While the code ensures Center City can be denser and more of a skyscraper canyon than ever before with "Super" CMX-5**, it still underzones other important commercial nodes, leaving them at CMX-2.5 where a FAR-based zoning would be more appropriate. Chelten, Front and Girard, 52nd St., and Bridge-Pratt are exemplars of this issue; all are (or were) crucial commercial centers; all should (probably) be bumped up to CMX-4 (500 FAR, or five stories by right); the main difference is the lack of height limit on the latter. Germantown and Chelten is an example of a cluster of taller buildings that such an upzoning would allow emulation of. Likewise, first steps are being made towards TOD identification and implementation (although that is something that needs to be hashed out in the neighborhood plans).

With parking requirements (one of the more insidious auto subsidies), the Code, again, shows steps towards more current understandings of the role, but not a willingness to fully embrace current understanding. Rowhome parking requirements have been cut out entirely, but larger residential structures still require them, and base commercial requirements have not been changed at all (still at one spot, i.e. 250 ft2, per 1000 ft2 of commercial space). On the flipside, TOD, car sharing, bike sharing, etc., bonuses quickly, and drastically, reduce them or chop them out entirely. Good for Center City, bad for the Northeast.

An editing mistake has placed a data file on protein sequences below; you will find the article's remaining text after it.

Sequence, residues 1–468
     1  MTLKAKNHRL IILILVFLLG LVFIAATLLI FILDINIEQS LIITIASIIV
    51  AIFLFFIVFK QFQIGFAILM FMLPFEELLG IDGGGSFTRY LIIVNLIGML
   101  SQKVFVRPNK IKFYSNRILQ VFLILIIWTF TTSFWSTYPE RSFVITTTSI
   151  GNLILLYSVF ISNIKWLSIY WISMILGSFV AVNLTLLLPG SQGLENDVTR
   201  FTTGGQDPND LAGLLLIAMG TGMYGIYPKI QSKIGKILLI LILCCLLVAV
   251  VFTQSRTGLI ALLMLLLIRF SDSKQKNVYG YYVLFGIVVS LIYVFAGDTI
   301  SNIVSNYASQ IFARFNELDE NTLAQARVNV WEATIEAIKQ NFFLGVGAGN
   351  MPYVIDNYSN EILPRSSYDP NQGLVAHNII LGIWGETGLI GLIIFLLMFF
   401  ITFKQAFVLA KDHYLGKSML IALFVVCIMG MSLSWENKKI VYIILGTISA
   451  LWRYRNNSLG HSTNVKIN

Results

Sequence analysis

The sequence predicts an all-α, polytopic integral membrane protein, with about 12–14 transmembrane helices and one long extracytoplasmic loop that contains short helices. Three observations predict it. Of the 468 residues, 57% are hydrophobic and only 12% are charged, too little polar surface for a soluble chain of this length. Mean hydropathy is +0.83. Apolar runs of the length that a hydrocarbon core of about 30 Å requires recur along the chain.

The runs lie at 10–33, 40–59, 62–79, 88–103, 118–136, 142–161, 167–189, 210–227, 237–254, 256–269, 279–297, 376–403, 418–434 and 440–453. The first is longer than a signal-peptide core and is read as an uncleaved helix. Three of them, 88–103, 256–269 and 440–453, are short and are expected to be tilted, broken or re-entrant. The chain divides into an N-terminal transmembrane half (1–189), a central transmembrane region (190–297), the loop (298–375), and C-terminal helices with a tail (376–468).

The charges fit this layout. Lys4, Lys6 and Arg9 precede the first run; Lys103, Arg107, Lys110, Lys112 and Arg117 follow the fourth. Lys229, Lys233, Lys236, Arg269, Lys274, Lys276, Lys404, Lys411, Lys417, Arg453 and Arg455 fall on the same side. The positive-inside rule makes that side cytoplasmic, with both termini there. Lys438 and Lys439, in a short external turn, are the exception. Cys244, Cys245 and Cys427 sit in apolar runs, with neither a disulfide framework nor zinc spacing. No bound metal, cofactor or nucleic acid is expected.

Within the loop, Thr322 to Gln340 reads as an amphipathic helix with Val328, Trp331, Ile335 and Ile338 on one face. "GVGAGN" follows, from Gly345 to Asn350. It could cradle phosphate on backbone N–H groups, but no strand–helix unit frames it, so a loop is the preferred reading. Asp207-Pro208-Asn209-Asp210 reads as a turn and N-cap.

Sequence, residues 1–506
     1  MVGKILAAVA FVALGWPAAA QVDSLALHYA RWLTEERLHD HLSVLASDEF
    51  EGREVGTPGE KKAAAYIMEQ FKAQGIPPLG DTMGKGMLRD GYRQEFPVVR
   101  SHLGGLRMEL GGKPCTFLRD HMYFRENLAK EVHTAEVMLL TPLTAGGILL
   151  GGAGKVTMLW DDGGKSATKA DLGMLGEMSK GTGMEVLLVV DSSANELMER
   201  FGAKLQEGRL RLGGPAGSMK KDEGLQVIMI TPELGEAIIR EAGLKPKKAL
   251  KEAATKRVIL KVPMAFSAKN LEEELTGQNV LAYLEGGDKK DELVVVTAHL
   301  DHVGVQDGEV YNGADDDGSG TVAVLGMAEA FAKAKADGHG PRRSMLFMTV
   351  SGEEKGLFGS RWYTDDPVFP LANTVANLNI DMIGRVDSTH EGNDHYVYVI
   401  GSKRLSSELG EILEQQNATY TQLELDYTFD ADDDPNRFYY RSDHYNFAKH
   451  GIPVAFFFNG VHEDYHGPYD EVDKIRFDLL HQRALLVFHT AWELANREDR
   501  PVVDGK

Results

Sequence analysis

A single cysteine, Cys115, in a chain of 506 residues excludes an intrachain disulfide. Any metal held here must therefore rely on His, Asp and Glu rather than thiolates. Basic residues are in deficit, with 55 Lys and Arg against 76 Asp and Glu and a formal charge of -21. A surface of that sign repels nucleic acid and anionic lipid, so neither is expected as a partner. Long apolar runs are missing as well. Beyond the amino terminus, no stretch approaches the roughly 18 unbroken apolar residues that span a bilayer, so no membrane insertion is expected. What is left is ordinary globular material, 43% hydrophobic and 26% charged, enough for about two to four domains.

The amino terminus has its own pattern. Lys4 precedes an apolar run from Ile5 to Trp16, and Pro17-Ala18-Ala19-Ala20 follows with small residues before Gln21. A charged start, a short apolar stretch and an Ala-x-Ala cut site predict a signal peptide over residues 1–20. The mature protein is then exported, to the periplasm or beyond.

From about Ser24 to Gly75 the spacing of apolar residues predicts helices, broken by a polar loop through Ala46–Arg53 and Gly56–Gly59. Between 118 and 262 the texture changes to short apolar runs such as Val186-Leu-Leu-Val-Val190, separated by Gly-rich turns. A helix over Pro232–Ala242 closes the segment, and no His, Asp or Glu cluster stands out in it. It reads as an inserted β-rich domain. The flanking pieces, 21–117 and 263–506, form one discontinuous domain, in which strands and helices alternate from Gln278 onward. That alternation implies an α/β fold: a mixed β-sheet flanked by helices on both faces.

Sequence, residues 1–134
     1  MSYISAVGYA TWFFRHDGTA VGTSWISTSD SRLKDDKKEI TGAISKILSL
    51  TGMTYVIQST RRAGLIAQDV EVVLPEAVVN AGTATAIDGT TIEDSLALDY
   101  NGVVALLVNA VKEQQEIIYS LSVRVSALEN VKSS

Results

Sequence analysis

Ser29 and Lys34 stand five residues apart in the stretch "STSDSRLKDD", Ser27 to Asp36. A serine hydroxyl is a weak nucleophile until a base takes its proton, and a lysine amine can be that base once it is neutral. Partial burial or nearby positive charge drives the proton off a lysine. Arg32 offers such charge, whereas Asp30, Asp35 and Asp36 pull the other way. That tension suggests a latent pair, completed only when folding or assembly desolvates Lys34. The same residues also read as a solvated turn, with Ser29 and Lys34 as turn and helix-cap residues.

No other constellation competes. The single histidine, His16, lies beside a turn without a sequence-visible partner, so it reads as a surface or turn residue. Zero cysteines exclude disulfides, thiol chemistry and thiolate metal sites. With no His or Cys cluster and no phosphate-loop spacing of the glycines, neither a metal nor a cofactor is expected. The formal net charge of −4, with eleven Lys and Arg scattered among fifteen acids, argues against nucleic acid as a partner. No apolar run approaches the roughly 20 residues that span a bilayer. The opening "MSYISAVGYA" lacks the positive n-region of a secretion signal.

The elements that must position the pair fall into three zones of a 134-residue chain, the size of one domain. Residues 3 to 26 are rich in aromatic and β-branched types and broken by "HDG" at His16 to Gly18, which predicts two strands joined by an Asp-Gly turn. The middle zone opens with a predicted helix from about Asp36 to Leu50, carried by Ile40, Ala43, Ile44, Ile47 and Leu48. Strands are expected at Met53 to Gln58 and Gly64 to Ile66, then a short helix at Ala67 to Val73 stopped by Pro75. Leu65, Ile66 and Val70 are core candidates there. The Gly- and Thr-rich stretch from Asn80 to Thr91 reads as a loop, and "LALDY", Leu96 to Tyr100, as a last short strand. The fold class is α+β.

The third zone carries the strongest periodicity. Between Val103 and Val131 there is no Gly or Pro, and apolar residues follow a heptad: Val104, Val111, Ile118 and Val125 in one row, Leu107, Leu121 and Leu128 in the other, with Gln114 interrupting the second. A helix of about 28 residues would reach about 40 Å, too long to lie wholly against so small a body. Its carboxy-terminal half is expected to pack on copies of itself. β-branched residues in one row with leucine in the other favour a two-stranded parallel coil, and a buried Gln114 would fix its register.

I am unsure if RSA-5 is also height-contextual; I believe it partially is, due to 3rd stories on mostly 2-story blocks now needing to be stepped back. Comments have cleared this up.

...Some initial impressions on the new Zoning Code.
* Or 2:1 on Frankford and Castor Avenues in the Northeast.
** "Super" CMX-2.5 has a base FAR of 1600. For comparison, the Empire State Building has a FAR of almost exactly 3300, or double that.